The Object of Our Faith Needs to Be Greater Than Faith Itself

The Object of Our Faith Needs to Be Greater Than Faith Itself

“Trust in the Lord with all your heart, and do not lean on your own understanding. In all your ways acknowledge him, and he will make straight your paths.” – Proverbs 3:5-6

Radio Host Delilah’s Faith Saved Her Sanity

In a recent interview with Fox News, the most well-known female radio host in the country, Delilah Rene, spoke about heartbreak and how her faith kept her grounded. During the interview, she talked about her most recent publication, One Heart at a Time, that details the finding of her faith and how it “saved her sanity.”

At 21, she had married a man by the name of George Harris who also worked in the radio industry. Shortly after the birth of her first child, Isaiah, Harris left her. A few months later, tragedy struck harder when she found out her brother and his wife had died in a plane crash on their way to visit her and Isaiah.

Although she didn’t grow up in a religious home, she distinctly remembers lying in her bed one evening after all the heartache she had suffered and said, “God, if you’re real, I need to know.” The following day she discovered a Bible on her windshield with a message that said, “Jesus loves you.”

Years later, Delilah lost one of her fourteen children, Sammy, to sickle cell disease and while she was writing One Heart at a Time, her 18-year-old son, Zack committed suicide. But yet her faith kept her strong.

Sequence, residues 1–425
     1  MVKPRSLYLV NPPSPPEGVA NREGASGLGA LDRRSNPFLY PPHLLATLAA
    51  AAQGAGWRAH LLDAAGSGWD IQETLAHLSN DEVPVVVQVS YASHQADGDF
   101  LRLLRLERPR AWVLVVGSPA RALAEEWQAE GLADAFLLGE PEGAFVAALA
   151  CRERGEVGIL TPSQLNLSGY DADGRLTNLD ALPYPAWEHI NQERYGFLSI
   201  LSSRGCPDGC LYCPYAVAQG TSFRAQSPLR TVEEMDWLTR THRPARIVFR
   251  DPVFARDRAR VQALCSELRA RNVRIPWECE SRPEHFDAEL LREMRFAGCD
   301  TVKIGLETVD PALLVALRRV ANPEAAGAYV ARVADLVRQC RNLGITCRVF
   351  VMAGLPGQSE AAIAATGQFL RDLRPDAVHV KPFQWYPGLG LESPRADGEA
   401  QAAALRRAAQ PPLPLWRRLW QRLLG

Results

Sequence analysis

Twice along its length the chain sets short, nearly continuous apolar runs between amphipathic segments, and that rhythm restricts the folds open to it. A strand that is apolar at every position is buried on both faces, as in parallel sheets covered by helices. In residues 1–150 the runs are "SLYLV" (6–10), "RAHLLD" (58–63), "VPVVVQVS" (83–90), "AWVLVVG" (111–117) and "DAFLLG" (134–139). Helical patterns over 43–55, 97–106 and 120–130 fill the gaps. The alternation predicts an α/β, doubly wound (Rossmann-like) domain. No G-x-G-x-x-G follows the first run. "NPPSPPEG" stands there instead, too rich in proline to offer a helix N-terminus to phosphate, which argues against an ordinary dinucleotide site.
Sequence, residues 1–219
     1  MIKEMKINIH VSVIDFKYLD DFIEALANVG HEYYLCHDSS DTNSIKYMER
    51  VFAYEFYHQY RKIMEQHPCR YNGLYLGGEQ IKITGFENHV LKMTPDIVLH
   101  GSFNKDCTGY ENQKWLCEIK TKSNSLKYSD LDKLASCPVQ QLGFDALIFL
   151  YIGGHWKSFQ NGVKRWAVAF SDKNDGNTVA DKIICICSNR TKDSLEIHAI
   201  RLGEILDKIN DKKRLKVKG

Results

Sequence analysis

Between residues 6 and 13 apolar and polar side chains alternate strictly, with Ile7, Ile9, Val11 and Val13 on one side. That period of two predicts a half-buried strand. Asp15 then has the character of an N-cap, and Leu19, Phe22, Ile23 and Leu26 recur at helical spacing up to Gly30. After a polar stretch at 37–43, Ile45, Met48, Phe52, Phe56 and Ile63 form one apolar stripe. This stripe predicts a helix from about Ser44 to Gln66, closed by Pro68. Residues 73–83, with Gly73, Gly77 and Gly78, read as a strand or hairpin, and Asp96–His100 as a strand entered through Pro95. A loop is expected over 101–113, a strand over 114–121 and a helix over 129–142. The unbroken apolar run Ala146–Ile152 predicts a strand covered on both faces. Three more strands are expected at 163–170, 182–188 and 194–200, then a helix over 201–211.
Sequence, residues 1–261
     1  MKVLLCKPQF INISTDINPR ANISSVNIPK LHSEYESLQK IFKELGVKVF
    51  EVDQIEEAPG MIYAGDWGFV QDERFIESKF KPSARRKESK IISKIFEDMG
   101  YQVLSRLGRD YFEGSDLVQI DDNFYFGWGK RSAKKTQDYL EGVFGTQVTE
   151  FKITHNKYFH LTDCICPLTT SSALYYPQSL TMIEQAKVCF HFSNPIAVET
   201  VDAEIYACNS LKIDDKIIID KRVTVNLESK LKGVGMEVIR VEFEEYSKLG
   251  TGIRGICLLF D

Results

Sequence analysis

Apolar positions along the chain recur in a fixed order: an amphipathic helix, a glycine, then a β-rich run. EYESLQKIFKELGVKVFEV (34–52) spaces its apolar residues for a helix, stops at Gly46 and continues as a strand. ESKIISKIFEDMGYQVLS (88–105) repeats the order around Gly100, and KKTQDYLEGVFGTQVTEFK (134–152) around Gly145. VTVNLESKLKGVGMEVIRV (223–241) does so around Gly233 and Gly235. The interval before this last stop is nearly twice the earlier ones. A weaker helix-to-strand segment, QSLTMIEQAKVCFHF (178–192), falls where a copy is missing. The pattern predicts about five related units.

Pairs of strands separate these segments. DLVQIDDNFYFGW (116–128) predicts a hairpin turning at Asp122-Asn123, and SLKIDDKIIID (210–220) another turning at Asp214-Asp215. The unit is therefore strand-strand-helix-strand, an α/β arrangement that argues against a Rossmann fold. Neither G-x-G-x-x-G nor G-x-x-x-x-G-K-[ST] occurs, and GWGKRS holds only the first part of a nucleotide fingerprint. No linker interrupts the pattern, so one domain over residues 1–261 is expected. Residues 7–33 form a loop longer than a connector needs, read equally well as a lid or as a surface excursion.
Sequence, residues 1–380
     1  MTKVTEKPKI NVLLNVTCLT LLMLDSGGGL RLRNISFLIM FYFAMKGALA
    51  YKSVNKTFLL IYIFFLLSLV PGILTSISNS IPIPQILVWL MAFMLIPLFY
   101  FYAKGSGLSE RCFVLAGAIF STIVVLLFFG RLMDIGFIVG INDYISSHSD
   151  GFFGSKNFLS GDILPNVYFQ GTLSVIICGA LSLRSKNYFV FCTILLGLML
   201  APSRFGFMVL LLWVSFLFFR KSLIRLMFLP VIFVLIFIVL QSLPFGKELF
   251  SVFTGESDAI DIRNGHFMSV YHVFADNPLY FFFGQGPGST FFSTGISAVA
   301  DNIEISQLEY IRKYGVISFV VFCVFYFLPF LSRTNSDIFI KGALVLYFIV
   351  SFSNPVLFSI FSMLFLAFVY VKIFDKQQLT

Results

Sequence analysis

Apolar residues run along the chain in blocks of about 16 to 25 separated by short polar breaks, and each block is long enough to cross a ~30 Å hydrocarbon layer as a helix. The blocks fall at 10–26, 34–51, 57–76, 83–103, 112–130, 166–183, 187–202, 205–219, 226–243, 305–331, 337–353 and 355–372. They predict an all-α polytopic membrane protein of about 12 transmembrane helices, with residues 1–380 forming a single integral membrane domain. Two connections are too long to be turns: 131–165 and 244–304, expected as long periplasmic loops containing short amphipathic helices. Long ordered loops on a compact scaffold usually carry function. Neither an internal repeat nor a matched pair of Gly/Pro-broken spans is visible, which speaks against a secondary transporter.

The Meaning of the Text

Proverbs 3:5-6 is a passage of scripture that gets quoted quite often—and for good reason. But it is one of those “often memorized, seldom applied” parts of the Bible in which the rich meaning can be lost or forgotten.

The word faith means to trust or put your complete confidence in something or someone. We all put faith into action whether we know it or not. Whenever you sit down in a chair without thinking, you are trusting that it is constructed in such a way that it will hold your weight.

“Trust in the Lord with all your heart” implies totality, not merely effort. In this context, the term heart isn’t in relation to your feelings. It’s all about 100% commitment. “Lean not on your own understanding” means that you aren’t dependent on “how much faith” you have but rather “who you have your faith in.”

You must “acknowledge Him” in every facet of your life so that he can show you how to respond and call out for help. When Christians place their faith in themselves or any other thing that isn’t God, they travel down the wrong, crooked path. The object of our faith is vital, not just faith itself.

How to Apply the Text

No one can speak for Delilah and her faith other than herself and God “for you, you only, know the hearts of all the children of mankind” (1 Kings 8:39b). We can be encouraged by people like Delilah who have suffered so much tragedy and come out on the other end praising God. But her faith is hers alone.

If you feel that your faith is suffering or that it isn’t “working,” I encourage you to not only read Proverbs 3:5-6 but apply it. Solomon is instructing us “not [to] lean on [our] own understanding.” If not ours, then whose? God’s of course.

The word lean is an action word, something that must be practiced not just believed and meditated on. Lean into God and rely on him for all matters of life. You can exhaust yourself by putting your faith in people and things that cannot support you. No amount of effort can increase your faith if it’s not found in the Lord.

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